Vancouver Observer: “Clean Energy Tech Reaching a ‘Tipping Point’ Versus Fossil Fuels”
Author — Clean Energy Canada
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The Vancouver Observer covers our latest Low Carbon Leadership Series event in Vancouver, Greening the Dragon: How B.C. Can Cash In On China’s Clean Energy Ambitions, featuring Ethan Zindler of Bloomberg New Energy Finance. Here’s a copy of the original article by Mychaylo Prystupa: 

There’s good news for those hoping for a global shift away from fossil fuels, and towards clean and renewable sources of energy, said a prominent Washington D.C. energy analyst, who spoke Wednesday at a conference in Vancouver.

Ethan Zindler of Bloomberg New Energy Finance said the world is approaching a tipping point in clean energy investment.  So much so, that he said it is no longer accurate to describe wind, solar and biomass power as “alternative energy.”

“We’re not far from a day when investment in clean power generation will surpass that of fossil fuel [electricity] generation,” said Zindler, at a downtown conference organized by Clean Energy Canada.

In 2012, global investment in highly polluting coal and gas power generation was approximately $310 billion he said, whereas investment in clean energy was a comparable $225 billion.

Driving this investment move said Zindler was not so much a concern for climate change, but a “hard headed financial” appraisal of clean energy technologies that have been dramatically dropping in price.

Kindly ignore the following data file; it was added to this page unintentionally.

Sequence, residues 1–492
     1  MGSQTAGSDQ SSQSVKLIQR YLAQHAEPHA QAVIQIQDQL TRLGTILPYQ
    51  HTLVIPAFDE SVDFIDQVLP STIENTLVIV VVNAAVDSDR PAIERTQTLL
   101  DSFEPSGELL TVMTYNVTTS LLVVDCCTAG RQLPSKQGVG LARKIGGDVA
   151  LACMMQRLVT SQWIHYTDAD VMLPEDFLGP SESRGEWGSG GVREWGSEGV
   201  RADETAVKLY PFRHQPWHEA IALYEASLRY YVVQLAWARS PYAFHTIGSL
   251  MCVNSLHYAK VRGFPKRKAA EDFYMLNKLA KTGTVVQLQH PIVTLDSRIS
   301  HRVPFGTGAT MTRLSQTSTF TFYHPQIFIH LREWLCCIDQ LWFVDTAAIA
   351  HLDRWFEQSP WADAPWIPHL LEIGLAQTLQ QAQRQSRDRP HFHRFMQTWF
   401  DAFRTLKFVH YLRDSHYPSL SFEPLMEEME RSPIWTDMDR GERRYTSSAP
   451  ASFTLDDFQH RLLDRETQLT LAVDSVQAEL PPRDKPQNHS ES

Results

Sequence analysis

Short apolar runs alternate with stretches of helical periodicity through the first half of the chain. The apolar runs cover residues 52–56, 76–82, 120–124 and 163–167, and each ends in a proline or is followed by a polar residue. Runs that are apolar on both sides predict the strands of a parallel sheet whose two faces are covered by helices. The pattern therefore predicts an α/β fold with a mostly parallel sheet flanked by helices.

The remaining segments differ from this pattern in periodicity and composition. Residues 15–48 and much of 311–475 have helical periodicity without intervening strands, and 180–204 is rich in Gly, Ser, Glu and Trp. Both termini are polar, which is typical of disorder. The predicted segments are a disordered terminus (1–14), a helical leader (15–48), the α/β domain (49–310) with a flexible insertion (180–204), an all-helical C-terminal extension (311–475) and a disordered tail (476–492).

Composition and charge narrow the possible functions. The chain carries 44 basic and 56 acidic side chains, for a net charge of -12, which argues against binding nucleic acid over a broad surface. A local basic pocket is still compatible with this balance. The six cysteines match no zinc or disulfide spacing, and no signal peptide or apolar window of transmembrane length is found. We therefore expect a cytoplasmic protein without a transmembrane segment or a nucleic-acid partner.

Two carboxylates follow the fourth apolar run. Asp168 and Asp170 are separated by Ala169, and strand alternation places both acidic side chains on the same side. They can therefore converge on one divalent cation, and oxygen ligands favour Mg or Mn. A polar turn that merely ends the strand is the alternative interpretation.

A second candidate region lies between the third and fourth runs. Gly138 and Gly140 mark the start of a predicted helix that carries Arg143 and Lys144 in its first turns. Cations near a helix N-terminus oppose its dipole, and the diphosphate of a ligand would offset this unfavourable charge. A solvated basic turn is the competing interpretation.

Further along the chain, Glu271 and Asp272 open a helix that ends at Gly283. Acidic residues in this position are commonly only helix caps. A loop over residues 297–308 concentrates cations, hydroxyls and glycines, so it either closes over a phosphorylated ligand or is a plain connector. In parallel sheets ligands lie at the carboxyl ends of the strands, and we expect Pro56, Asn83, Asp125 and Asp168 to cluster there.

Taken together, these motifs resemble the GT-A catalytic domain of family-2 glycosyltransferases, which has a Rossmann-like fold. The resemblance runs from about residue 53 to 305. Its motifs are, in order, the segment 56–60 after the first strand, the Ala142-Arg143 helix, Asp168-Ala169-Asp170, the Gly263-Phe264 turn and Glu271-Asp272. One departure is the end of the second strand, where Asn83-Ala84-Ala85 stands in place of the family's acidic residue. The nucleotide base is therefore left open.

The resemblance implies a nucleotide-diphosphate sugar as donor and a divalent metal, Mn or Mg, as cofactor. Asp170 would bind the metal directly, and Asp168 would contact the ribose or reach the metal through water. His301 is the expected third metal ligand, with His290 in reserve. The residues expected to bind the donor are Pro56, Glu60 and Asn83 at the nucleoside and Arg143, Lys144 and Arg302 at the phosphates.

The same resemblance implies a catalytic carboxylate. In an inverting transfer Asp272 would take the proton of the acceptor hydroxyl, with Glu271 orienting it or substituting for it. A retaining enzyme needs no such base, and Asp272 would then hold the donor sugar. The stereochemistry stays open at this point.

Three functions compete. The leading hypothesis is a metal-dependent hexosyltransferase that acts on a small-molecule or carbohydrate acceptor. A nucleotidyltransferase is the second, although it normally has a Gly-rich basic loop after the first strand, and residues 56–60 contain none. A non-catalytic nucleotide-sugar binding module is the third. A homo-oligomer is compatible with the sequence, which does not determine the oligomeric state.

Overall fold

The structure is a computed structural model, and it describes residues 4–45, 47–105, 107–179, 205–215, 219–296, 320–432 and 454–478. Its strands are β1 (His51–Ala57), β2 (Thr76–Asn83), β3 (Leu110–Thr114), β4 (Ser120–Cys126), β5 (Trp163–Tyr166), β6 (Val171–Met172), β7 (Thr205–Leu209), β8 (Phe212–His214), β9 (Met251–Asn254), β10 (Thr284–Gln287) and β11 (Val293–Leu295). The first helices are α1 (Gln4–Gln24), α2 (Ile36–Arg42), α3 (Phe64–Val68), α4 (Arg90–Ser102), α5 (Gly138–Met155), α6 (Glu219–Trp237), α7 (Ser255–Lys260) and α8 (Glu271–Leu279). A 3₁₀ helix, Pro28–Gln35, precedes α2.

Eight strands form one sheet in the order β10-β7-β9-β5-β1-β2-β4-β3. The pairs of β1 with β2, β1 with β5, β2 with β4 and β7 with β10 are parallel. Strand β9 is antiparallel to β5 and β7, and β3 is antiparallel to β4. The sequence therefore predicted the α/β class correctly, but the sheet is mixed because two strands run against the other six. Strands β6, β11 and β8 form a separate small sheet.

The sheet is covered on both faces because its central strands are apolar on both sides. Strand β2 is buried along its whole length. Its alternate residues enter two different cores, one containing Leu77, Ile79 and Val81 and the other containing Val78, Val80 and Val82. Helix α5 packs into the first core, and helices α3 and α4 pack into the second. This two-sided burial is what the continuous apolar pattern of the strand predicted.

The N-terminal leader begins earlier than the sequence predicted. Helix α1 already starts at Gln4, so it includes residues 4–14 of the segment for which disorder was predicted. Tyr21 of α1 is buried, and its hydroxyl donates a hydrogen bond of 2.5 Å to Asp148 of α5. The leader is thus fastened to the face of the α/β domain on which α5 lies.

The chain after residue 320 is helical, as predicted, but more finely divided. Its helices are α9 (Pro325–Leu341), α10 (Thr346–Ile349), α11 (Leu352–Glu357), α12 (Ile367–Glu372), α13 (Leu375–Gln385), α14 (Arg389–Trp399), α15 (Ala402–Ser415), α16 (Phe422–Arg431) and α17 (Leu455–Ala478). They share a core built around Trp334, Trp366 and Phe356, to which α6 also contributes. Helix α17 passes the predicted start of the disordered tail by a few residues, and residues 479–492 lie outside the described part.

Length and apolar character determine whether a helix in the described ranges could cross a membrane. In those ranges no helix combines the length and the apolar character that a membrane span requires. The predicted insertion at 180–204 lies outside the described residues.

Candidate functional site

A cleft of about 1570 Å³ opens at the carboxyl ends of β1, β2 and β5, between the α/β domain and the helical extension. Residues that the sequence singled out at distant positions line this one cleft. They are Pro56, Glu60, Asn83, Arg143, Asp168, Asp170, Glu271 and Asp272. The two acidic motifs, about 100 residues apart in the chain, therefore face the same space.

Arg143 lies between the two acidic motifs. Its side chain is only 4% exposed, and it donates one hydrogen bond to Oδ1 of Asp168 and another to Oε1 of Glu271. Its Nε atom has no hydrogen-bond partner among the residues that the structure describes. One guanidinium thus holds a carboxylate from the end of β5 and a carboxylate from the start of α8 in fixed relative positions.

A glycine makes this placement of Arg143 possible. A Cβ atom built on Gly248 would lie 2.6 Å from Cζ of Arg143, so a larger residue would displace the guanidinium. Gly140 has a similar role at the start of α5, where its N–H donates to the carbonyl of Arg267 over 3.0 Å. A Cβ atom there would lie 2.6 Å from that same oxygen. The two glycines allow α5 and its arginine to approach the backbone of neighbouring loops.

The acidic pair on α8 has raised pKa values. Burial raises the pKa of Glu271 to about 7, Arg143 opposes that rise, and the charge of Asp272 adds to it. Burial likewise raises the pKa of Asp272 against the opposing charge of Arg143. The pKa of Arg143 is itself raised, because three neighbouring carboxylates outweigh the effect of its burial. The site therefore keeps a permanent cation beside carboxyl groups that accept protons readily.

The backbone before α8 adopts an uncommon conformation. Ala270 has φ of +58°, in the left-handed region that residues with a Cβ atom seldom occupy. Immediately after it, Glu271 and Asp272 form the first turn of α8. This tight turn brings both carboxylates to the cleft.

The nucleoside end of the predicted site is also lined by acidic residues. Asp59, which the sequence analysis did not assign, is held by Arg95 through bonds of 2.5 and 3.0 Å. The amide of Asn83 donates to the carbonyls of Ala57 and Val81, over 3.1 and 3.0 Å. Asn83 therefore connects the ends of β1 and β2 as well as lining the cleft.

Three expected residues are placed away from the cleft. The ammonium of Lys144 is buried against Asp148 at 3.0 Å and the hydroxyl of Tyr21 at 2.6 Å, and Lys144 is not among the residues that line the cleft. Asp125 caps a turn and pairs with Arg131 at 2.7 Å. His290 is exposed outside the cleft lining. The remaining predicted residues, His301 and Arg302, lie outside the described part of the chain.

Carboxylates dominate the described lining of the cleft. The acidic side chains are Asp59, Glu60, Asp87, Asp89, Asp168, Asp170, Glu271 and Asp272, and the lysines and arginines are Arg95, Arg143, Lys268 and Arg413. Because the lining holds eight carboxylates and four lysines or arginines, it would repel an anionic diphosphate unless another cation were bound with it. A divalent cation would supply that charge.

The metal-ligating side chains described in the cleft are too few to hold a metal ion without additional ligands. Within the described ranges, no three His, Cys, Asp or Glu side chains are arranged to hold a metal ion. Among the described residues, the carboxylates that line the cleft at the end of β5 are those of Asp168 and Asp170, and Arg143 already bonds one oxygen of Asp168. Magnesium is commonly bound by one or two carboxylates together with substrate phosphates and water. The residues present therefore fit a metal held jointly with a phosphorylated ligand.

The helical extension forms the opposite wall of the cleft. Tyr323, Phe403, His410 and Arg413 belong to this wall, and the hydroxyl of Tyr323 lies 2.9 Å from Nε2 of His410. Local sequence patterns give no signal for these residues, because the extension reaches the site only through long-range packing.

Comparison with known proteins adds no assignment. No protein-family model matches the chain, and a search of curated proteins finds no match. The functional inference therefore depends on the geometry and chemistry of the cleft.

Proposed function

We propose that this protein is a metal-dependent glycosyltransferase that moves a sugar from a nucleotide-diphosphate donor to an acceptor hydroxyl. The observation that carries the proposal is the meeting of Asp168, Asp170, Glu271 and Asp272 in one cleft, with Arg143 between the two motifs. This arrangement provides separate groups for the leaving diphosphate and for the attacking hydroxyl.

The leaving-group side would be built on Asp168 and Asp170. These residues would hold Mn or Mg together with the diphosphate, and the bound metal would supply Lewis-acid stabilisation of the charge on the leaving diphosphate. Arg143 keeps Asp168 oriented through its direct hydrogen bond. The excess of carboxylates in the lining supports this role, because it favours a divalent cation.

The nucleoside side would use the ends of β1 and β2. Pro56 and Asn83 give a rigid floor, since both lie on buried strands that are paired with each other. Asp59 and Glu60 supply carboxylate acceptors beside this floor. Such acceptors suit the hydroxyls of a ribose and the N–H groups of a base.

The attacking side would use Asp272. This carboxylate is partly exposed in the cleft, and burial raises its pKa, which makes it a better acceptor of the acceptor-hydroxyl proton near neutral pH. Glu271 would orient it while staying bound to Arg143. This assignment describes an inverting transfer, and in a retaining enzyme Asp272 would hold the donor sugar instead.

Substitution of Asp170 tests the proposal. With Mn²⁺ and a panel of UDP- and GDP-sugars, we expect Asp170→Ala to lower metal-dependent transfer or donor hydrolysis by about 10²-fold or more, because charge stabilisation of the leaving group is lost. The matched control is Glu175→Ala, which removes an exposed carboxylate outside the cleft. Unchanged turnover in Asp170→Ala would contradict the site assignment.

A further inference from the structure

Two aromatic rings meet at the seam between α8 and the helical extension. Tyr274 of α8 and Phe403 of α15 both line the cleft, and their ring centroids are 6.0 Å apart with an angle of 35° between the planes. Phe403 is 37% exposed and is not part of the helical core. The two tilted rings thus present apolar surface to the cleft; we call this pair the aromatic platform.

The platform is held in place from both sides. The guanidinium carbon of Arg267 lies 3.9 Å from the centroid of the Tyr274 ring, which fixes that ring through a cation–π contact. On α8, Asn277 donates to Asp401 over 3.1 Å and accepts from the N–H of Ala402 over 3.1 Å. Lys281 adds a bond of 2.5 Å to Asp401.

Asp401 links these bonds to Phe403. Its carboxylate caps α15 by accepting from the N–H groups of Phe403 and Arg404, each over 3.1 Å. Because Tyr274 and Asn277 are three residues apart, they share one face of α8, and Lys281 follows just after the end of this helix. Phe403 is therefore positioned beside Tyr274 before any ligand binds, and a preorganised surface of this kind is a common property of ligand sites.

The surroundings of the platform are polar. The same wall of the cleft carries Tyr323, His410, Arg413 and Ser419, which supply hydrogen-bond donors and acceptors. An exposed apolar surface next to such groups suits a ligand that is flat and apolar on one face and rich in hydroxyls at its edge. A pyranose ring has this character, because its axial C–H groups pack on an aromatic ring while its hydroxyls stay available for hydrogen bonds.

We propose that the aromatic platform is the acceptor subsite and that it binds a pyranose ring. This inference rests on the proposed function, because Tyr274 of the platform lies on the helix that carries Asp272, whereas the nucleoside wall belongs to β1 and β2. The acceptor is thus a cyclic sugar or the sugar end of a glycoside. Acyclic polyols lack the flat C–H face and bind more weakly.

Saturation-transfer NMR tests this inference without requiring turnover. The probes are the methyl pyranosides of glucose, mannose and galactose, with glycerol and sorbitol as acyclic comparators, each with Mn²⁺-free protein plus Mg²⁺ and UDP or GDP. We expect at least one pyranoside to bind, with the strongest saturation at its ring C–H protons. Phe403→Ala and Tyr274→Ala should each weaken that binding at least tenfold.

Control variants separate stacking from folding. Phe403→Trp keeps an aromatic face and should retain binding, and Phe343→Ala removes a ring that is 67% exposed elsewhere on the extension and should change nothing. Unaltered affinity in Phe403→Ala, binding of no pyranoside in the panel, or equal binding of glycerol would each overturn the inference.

Most notably, the cost of large utility scale solar projects dropped 50 per cent, from $3.25/watt in 2010 to $1.55/watt in 2013.

Zindler also expects a record year in 2014 for solar panel installations in this country, especially in Eastern Canada.

Meanwhile, China leads the world in clean power investment with $61 billion last year.

Canada invested $7.5 billion in clean energy in 2013, said Zindler.  Most of that was in Ontario, according Clean Energy Canada.  By contrast, an estimated $27 billion was invested in Canada’s oil sands.

Zindler said China’s clean energy push is driven mainly by smog and air quality concerns.  Beijing’s skyline can be hardly visible due to coal power emissions.  But on that front, it may turn the corner.

“We’ve seen when [China’s] government make ambitious goals, they tend to get there,” said Zindler.

Likewise, he sees electric vehicle (EV) sales taking off in North America.  After a few disappointing years for automakers, purchases of EVs are expected to jump from 190,000 last year, to 450,000 in 2015.  This change is driven by rapidly declining lithium-ion battery costs – the most expensive component of an electric car.

B.C. pursues natural gas

But the scene in this province may not be as green.  B.C. is aggressively pursuing natural gas fracking and LNG plants to supply hungry Asian energy markets.

While the fossil fuel is classified as “clean energy” by some, one at the conference said natural gas development is preventing the development of truly renewable energy industries.

“I’m mindful of BC’s large economic risk of so single-mindedly pursuing this [natural gas] industry, and dropping the ball on the clean energy industry,” said Nigel Potter, CEO of the BC Sustainable Energy Association.

Some also doubted the conventional wisdom that natural gas emits half of what coal power pollutes, due to so-called “fugitive emissions.”  Alberta and Saskatchewan still rely heavily on burning coal to generate electricity.

Nonetheless, Zindler expects the continued shale gas boom, plus increasing drill efficiencies, to keep natural gas prices steady well into 2020.

Eco-author Tzeporah Berman was in attendance and said governments need to do more to encourage the renewable energy sector.

“We now have the technology and market interest in clean tech.  Yet with the B.C. and federal governments, we see a renewed focus on oil and gas.”

“They’re on the wrong side of history,” said Berman.

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